1981. Node: Invoking Ed. . W. the current line is initially set to the last line of that file.p No more be grieved at that which thou hast done.'' # Move the title to its proper place.13 B. whose syntax is `s/OLD/NEW/'. Up: Top 3 Invoking Ed ************* The format for running `ed' is: ed [OPTIONS] [FILE] red [OPTIONS] [FILE] FILE specifies the name of a file to read. Next: Line Addressing. `sed (1)'. If FILE is prefixed with . J. Addison-Wesley. Although `ed' accepts only one command per line. Roses have thorns. 5m0p Sonnet #50 # The title is now the first line. and silver fountains mud. the move command `m' sets the current line to the last line moved. wq sonnet 195 $ When `ed' opens a file. `regex (3)'. Clouds and eclipses stain both moon and sun.p Sonnet #50 No more be grieved at that which thou hast done. `sh (1)'. Relevant documents are: Unix User's Manual Supplementary Documents: 12 -. and the current line has been # set to this line as well.info. $ ed sonnet 183 a Sonnet #50 . In the next example. .that line are then replaced with the substitute command. Kernighan and P. Plauger: "Software Tools in Pascal". File: ed. a title is added to our sonnet. And loathsome canker lives in sweetest bud. and may be appended to the end of most commands. and silver fountains mud. the print command `p' is an exception. Related programs or routines are `vi (1)'. And loathsome canker lives in sweetest bud. we should have used `0a' # to append ``before the first line. Clouds and eclipses stain both moon and sun. Roses have thorns. Similarly. Sonnet #50 # The title got appended to the end. Prev: Introduction t o Line Editing.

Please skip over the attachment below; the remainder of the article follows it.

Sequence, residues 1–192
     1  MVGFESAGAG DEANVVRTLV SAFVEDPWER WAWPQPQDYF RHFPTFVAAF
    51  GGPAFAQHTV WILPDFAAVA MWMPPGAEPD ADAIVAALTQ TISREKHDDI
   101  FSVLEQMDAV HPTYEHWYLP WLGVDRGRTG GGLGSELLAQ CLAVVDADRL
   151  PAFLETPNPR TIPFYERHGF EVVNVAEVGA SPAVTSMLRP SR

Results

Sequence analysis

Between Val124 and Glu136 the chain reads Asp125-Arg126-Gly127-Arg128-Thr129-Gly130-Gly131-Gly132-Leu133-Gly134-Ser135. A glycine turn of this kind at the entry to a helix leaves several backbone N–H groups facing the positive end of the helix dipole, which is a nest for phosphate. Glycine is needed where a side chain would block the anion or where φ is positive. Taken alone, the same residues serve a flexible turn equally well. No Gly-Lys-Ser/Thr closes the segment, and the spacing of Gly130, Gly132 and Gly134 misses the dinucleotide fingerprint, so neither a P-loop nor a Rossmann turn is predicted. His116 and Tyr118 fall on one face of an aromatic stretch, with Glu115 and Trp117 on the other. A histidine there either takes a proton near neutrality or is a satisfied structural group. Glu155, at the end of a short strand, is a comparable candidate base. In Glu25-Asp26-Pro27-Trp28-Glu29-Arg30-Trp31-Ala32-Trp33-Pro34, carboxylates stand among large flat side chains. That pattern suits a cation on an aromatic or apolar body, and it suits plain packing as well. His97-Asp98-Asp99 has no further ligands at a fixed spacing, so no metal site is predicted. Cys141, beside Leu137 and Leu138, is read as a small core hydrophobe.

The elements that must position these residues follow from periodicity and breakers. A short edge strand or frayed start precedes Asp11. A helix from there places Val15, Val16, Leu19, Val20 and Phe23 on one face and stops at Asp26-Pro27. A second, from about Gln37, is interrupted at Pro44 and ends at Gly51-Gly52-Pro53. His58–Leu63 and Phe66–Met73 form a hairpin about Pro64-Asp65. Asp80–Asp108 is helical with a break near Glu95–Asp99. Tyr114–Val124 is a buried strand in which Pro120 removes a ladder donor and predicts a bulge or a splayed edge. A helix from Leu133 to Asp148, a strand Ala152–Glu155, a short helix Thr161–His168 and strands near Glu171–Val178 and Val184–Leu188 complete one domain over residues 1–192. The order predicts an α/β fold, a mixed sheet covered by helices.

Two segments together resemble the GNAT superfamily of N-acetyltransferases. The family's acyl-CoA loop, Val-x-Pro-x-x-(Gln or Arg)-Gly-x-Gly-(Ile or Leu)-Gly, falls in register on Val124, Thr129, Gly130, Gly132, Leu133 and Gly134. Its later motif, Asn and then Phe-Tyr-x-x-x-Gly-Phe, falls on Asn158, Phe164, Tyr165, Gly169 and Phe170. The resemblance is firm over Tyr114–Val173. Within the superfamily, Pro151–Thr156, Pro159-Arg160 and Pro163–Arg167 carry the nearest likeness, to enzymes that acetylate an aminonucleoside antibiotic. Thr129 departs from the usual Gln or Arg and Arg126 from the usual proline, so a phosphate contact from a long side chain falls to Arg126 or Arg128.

Node: Line Addressing. To read a file whose name begins with a bang. `-G' `--traditional' Forces backwards compatibility. prefix the name with a backslash (`\'). `f'. This may be toggled on and off with the `P' command. This should be used if `ed''s standard input is from a script. In .info. This may be toggled on and off with the `H' command. `t' and `!!'. `l'. the current address is set to a line in the buffer. `-r' `--restricted' Run in restricted mode. `-v' `--verbose' Verbose mode. Up: Top 4 Line Addressing ***************** An address represents the number of maintains a "current address" which as the default address when none is read. File: ed. If the default behavior of these commands does not seem familiar. `ed' supports the following options: `-h' `--help' Print an informative help message describing the options and exit. Next: Regular Expressions. When a file is first the last line of the file. `-s' `--quiet' `--silent' Suppresses diagnostics. The default filename is set to FILE only if it is not prefixed with a bang. `V'. Prev: Invoki ng Ed. `-l' `--loose-exit-status' Do not exit with bad status if a command happens to "fail" (for example if a substitution command finds nothing to replace). `-p STRING' `--prompt=STRING' Specifies a command prompt. `m'. This affects the behavior of the `ed' commands `G'. In this case. This mode disables edition of files out of the current directory and execution of shell commands. then try invoking `ed' with this switch.a bang (!). what is read is the standard output of FILE executed via `sh (1)'. This can be useful when `ed' is invoked as the editor for crontab. `ed' is typically supplied to commands specified. then it is interpreted as a shell command. `-V' `--version' Print the version number of `ed' on the standard output and exit.